For the next few minutes, I invite you into a space that is safe for any emotions you may be feeling. Any challenges you are facing are valid and you are accepted as you are.
Friend, I know each day can be a struggle. But I hope you find a little bit of comfort and direction here, to help you through your toughest moments. These are 6 tips to help you through those times.
Rhythmic breathing reduces anxiety by quieting and focusing the mind. It is used in meditation and yoga, and can help you fall asleep faster.
To begin, rest the tip of your tongue at the back of your top teeth. Take a deep breath in through the nose for a count of 4. Hold the breath for a count of 7. And release the through the mouth for a count of 8 (making a whooshing sound).
Repeat 3-4 times.
If your environment allows, take a few minutes to examine your feelings on paper. I recommend beginning by asking yourself, “What do I feel right now?” Write down any emotions and physical symptoms you are experiencing. Underneath the feeling of anxiety and the physical symptoms lies the root feeling.
Is the root feeling telling you that you are incompetent, weak, incapable, unattractive, unworthy? Challenge the narrative that the root feeling is telling you.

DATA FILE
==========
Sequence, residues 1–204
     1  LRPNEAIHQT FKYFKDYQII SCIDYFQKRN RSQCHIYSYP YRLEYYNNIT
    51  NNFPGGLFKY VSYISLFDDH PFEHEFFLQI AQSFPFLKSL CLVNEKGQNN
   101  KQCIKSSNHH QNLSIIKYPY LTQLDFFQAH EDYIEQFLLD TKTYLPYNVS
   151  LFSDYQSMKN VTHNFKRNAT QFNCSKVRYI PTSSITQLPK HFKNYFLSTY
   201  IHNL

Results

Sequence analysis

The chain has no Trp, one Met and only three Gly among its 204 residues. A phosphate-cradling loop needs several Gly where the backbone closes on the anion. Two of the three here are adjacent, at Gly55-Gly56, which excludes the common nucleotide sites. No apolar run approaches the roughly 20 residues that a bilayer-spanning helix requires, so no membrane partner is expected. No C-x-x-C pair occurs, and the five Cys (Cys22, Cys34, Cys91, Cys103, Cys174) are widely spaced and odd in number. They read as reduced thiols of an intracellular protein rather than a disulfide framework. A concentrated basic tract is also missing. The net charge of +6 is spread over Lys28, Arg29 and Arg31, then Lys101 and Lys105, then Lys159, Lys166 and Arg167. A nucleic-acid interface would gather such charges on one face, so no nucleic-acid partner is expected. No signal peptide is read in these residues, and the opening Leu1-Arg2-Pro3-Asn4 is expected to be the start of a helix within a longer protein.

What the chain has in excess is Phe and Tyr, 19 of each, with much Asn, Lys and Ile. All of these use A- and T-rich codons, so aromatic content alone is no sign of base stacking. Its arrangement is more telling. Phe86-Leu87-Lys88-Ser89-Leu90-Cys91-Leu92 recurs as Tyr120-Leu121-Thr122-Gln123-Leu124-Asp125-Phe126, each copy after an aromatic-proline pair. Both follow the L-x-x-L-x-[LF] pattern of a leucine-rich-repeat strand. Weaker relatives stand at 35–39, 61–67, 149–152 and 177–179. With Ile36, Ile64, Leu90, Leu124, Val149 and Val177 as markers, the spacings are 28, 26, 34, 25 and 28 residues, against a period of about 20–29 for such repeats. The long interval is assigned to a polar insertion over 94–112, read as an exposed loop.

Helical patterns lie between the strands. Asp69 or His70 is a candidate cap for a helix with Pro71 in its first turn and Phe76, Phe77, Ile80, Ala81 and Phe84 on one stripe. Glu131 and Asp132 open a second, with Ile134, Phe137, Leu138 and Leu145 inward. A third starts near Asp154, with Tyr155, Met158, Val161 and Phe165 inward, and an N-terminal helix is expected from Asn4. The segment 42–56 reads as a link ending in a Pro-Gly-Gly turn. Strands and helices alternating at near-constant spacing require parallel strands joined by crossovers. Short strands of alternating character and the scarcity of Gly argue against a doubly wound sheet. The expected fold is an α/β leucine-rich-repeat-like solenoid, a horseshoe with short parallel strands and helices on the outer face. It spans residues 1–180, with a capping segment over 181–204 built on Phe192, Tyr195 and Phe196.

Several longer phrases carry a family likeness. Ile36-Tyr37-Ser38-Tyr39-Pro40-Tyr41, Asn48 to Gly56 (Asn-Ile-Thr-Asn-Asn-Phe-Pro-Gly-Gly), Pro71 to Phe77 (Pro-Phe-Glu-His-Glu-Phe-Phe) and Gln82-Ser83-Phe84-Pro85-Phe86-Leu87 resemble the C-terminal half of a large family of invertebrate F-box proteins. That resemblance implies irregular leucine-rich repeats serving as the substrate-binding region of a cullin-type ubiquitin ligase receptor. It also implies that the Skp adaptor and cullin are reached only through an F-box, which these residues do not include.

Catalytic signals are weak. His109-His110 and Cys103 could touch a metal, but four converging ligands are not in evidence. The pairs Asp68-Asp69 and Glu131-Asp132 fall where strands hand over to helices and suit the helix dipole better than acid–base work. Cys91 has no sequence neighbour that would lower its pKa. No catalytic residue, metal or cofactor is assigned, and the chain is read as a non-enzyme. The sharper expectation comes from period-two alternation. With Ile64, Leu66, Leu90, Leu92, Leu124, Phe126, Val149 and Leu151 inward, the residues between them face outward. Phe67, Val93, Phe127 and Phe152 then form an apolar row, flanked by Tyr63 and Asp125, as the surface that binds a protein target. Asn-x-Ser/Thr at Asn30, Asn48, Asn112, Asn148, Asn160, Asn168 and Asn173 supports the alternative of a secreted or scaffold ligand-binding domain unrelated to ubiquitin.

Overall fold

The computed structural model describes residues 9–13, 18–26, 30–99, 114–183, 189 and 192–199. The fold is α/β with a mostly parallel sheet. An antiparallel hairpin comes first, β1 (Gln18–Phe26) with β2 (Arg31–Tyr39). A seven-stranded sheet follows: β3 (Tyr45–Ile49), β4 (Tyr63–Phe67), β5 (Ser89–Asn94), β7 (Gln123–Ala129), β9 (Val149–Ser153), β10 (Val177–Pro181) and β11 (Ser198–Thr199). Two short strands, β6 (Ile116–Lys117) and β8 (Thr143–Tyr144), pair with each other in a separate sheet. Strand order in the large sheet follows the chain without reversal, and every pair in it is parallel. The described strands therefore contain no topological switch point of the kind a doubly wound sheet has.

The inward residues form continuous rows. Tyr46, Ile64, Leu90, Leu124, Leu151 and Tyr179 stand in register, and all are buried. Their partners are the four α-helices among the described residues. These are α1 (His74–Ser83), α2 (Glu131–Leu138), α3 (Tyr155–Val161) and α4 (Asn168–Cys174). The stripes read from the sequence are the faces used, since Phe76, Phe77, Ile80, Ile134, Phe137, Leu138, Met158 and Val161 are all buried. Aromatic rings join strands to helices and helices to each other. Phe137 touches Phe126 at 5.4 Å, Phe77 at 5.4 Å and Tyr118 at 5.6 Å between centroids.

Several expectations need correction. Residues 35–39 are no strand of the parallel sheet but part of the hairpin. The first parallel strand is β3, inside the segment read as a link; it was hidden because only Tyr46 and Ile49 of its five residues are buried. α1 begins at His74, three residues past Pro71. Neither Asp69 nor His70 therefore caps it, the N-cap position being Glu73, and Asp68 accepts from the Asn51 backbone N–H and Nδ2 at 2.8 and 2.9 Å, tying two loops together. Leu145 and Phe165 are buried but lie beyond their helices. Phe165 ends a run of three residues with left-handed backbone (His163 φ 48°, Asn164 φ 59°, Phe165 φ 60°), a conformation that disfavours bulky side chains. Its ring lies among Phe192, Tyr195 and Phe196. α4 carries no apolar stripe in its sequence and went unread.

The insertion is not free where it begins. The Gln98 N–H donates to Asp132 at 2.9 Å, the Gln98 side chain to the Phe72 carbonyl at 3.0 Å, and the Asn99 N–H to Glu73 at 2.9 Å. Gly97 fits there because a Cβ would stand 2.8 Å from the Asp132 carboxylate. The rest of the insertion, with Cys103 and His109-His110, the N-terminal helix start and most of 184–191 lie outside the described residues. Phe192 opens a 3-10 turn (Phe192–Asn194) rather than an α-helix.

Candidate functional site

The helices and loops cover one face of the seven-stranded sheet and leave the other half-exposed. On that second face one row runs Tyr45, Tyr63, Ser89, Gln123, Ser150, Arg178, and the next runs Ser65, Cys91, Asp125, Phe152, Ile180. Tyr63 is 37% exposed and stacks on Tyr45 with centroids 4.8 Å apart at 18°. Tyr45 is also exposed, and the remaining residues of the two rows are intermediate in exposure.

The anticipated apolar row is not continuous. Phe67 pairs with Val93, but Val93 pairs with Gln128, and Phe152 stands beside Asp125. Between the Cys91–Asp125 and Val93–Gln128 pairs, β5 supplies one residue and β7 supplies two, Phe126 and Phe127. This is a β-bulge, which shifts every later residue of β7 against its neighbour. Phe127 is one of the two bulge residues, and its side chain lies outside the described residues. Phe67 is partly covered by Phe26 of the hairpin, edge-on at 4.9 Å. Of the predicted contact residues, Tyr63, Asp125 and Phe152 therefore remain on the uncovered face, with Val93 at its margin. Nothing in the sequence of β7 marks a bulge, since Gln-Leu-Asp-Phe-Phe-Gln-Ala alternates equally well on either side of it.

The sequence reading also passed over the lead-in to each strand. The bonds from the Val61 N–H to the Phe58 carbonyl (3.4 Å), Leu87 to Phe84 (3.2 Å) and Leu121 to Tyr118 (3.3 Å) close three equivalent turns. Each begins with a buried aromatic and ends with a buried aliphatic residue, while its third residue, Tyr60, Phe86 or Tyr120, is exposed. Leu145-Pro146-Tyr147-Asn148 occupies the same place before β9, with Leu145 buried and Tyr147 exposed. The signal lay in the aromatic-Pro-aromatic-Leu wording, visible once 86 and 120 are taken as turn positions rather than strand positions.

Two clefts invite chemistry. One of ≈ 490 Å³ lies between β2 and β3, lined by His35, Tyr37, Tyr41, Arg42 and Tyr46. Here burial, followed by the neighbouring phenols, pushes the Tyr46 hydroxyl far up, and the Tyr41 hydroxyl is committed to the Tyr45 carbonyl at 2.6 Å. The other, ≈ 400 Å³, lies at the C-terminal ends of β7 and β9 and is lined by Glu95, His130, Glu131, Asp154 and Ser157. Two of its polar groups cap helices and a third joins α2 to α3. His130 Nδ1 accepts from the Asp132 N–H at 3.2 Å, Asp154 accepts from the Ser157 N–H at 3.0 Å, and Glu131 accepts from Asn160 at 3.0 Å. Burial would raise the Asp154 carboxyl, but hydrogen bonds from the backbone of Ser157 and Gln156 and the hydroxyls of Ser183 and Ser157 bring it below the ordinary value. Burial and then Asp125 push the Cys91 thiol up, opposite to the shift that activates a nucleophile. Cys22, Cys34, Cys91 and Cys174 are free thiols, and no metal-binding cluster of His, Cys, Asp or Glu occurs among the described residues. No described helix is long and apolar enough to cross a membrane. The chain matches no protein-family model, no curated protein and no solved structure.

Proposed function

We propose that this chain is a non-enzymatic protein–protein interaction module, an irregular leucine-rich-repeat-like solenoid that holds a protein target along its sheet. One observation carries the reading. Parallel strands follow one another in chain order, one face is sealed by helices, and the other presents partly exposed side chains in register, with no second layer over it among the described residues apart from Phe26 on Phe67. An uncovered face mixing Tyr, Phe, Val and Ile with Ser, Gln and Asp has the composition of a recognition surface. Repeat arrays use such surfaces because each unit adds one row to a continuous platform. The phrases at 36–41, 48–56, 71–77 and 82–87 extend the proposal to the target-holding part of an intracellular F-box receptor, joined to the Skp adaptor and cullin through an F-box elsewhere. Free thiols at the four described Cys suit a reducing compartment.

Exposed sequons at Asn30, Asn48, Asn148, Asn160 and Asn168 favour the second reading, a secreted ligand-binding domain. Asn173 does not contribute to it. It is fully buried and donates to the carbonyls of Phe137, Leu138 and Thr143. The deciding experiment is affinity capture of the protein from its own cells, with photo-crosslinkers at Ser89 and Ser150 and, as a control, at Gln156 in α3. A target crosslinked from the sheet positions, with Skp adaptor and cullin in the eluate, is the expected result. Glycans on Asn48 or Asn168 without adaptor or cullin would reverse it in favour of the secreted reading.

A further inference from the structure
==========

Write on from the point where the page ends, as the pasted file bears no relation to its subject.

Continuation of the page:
Write it. Say it outloud:
I am competent.
I am kind.
I am attractive.
I am strong.
I am worthy.
When you need a reminder, come back to this written assertion. As often as you can, challenge the narrative anxiety is telling you.
Do something for yourself that signals the start of a relaxing time. Give yourself permission to lay aside your troubles for the time being. This turning point may be cooking yourself a nice dinner, lighting a special candle, or choosing a song to symbolize the transition. Allowing this turning point to become part of your routine gives your mind the chance to calm during the transition.
This is a mental trick to bring your mind to the present moment. When anxiety pulls you elsewhere, give this method a try to pull back.
The stress of anxiety is draining, yet it can be so difficult to quiet thoughts at the end of the day. Creating a bedtime routine that you find calming can reduce anxiety at night and help you wake up feeling more refreshed. Here are some tips to try:
I am a firm believer in breaking the stigma around mental health. If you’re struggling to manage your anxiety, I encourage you to speak with your primary provider and/or a mental health professional. Accepting help can empower you and allow you to grow into a happier, healthier you.
Whether you implement one or all of these tips, I hope they bring you comfort and help you face those toughest moments. You are not alone.
March 23, 2022